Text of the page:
What would it take to change?I guess similar shake down like Vatican is now in the middle off,for all the transgressions committed by its servants which exploited the sanctity of the church for personal gain.Medical profession is also violated exploited and some cases down right molested by some individuals.{ and in case you wonder that my tone is bit strong,please google what is take home pay and severance packages of CEO’s of insurance companies e.g Aetna,Empire and such,80 cents on the $ stays in the company,barely 20 cents spent on the patient and 17 billions are spent on lobbying,to keep things the way they are.
    After 50 years in medical profession I closed my solo practice.
    EMR with its redundancy,never ending requests for chart reviews,(none of which contributes to quality just a collection of data for different purpose,using cheap labor as physicians are.}
    that among other things certainly motivated my decision.
    OK1KSP M D

  40. I graduated 50 years ago at the end of what I call the “golden era” of medicine, post WWII. Some of our professors were world famous. I attended a top – rated state med. school with a full tuition scholarship (instate tuition was $950/yr, out of state was double that). A Grant’s Atlas of Anatomy cost $20 and my Keeler Ophthalmoscope was $65. After graduation I took a three year FP residency taught by 60 private physicians at a 250 bed hospital in a small city that had a stable economy. I also served my obligatory two years in the military. I passed the FP Board Exam and opened up a solo practice that included Ob in a rural area. The county was happy to give me free office space. I owed $3400 for a government loan and I borrowed $5000 from a local bank. These were soon paid off. I saw Medicare, Medicaid, BC/BS, insured and uninsured. I used “Problem Oriented” medical records. Of course there was no EMR then. I had a “peg board” bookkeeping system, adding machine, copier, postage meter and employed a very efficient secretary/receptionist and a nurse. I was in non-medical employment 1990-2002. I missed the transition to the EMR and corporate take over of medicine. From 2002-2017 I was outside the US in a “developing nation” in SE Asia where I was an unpaid clinical instructor at a public hospital, volunteer physician for UNHCR and had part-time work at a small private outpatient clinic. Thus, I avoided the transition in medical care provision that occurred in the US. When I returned to the US, fully retired, I soon learned what I’d missed. The “golden era” where the Art of Medicine (as it says on my diploma) had disappeared. It had been taken over by some sort of predatory business model. At the 50th year reunion of my medical school class there were speeches about “burnout” and on Doximity all sorts of negative articles. The immense cost of medical education and student indebtedness is just unreal. I’m so thankful that I got my MD when it was affordable, when you could have a rewarding private practice, when physicians were respected members of a local community. During my internship I once told the DME “If I were independently wealthy, I would practice medicine as a hobby”. I’m not wealthy but have been “generous to a fault” in providing educational opportunities to several foreign students, and care to my friends and refugees in SE Asia. My advice to the new doctors: work at a clinic and pay off the loans, Live a very modest life-style and save up funds. Quit being a clinic/hospital employee and do DPC and maybe some volunteer work or teaching. Retire.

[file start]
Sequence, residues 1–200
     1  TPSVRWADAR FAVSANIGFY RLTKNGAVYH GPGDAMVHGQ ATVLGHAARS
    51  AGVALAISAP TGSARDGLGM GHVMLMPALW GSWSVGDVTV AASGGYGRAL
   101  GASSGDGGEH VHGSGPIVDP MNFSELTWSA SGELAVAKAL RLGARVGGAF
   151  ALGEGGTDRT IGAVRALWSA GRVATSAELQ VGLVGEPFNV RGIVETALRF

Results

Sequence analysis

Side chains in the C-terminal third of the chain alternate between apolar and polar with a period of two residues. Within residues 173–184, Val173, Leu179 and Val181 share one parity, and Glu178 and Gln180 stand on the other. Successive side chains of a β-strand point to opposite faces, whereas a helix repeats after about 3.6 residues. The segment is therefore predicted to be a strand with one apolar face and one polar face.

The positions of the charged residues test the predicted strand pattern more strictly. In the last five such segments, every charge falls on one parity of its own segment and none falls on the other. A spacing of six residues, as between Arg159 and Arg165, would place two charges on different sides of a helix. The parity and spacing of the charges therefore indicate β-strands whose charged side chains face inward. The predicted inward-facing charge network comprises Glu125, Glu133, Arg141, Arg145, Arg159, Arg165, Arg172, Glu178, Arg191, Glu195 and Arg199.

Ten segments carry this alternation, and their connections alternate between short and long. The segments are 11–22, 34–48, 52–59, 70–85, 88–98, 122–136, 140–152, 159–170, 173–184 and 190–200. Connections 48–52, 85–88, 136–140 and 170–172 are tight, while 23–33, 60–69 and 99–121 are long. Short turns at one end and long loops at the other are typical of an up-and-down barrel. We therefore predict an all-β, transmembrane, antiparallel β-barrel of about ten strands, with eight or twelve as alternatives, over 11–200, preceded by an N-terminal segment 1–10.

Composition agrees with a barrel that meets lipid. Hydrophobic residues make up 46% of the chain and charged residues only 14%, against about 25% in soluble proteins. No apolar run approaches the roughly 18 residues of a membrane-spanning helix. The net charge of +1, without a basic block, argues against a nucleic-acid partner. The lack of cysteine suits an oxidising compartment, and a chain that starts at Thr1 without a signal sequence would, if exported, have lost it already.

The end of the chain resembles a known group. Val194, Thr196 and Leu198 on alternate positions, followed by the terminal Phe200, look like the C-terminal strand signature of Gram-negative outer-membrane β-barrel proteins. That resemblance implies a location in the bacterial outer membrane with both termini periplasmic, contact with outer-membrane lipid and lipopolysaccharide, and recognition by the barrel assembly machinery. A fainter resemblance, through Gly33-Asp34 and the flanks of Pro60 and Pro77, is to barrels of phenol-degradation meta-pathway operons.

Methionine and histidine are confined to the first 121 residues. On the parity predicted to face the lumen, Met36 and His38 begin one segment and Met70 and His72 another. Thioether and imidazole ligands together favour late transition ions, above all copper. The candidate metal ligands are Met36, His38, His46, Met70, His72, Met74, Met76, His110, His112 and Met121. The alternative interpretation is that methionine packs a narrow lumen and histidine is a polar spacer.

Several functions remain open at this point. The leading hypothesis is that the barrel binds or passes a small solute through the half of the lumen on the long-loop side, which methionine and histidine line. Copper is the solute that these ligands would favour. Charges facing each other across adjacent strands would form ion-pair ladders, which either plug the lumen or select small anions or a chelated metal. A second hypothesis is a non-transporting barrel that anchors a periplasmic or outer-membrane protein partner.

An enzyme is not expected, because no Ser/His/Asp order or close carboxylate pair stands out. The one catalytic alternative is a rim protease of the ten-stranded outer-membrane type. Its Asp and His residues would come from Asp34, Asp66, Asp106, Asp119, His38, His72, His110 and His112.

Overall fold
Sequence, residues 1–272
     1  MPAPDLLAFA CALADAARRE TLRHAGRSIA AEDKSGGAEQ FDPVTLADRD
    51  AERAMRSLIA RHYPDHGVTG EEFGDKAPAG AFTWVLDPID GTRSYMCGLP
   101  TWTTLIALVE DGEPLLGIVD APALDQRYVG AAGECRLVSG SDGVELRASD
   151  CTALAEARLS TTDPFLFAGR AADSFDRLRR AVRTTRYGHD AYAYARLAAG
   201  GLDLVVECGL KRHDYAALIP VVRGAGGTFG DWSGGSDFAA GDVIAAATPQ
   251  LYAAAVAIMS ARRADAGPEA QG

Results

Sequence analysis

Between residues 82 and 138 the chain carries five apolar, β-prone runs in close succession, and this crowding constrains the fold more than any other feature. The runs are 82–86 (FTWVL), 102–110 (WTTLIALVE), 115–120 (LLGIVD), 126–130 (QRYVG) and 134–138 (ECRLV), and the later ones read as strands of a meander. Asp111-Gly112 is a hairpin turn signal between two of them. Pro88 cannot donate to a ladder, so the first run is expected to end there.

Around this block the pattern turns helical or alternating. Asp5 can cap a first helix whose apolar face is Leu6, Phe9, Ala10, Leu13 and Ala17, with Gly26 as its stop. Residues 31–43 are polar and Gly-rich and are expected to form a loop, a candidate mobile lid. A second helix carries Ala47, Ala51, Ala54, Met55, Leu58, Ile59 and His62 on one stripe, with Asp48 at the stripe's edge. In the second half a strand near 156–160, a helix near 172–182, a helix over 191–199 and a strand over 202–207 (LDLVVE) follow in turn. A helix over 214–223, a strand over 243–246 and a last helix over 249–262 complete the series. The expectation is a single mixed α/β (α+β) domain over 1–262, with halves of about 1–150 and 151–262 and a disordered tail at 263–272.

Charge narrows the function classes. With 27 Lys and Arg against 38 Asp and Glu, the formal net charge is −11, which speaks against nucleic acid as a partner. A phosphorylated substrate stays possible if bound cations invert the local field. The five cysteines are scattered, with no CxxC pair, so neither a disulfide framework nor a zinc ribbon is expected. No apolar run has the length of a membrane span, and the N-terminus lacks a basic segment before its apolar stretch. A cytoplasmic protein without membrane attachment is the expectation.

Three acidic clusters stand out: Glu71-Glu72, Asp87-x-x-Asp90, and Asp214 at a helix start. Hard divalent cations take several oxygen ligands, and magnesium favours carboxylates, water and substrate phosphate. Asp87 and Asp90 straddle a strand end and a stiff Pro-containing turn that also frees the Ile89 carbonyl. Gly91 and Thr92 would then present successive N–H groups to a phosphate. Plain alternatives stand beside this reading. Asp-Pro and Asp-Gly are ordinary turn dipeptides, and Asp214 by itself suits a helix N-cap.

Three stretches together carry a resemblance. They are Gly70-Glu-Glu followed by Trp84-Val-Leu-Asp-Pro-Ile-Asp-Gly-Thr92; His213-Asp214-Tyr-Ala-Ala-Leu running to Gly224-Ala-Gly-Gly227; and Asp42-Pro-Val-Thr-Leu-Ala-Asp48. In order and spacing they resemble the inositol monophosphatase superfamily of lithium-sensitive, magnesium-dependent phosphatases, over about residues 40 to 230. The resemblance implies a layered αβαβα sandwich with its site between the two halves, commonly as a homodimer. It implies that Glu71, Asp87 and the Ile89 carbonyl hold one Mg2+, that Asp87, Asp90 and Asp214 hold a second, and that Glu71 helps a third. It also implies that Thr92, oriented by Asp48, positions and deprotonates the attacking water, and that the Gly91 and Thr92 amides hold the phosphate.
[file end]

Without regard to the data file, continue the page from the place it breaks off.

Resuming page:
41. The article failed to mention the rise of entrepreneurial doctors whom once their practice is set up and running never see a patient but staff the practice with junior doctors, nurses and PA’s. While there is nothing wrong or illegal about this model one should consider the question as to how are such doctors any different from the MBA’s and administrators criticized in the article? All practices are businesses whether they are individual, corporate or government. Someone must pay the cost of service for the service to continue. More young doctors today fresh out of training have considerable debt more than ever before and such debt can constrain residency, specialty, fellowship, and practice location choices and sometimes these are unhappy choices. But then this is the real world and young doctors must live in it just like everyone else.
    Take care,
    Morgan.

  42. Rising cost of health care? I have to ask, what is increasing the cost? I know the nurses at our health system did not have a cost of living adjustment for over 5 years. I know the doctors in my department are working with and being offered the same contract we were offered 13 years ago, not a penny more. So if the money is not going to the health care providers, where is the money going? Is it going to the non-clinicians, MBAs, and administrators?

    1. Yes, Ty, I believe it is going to what you mentioned above plus (and probably even more so) to overpriced drugs and hospital charges and insurance companies. Price transparency is nonexistent in health care and that should change for the benefit of our patients.

  43. Change will occur when congress gets the same insurance that the majority of people have. When they hurt , they change the rules regardless of the cost. The golden rule. Those who have the gold make the rules for everyone unless a nation wide revolt is organized, which is not likely to happen. Medicare for everyone is an attempt to cure the problem.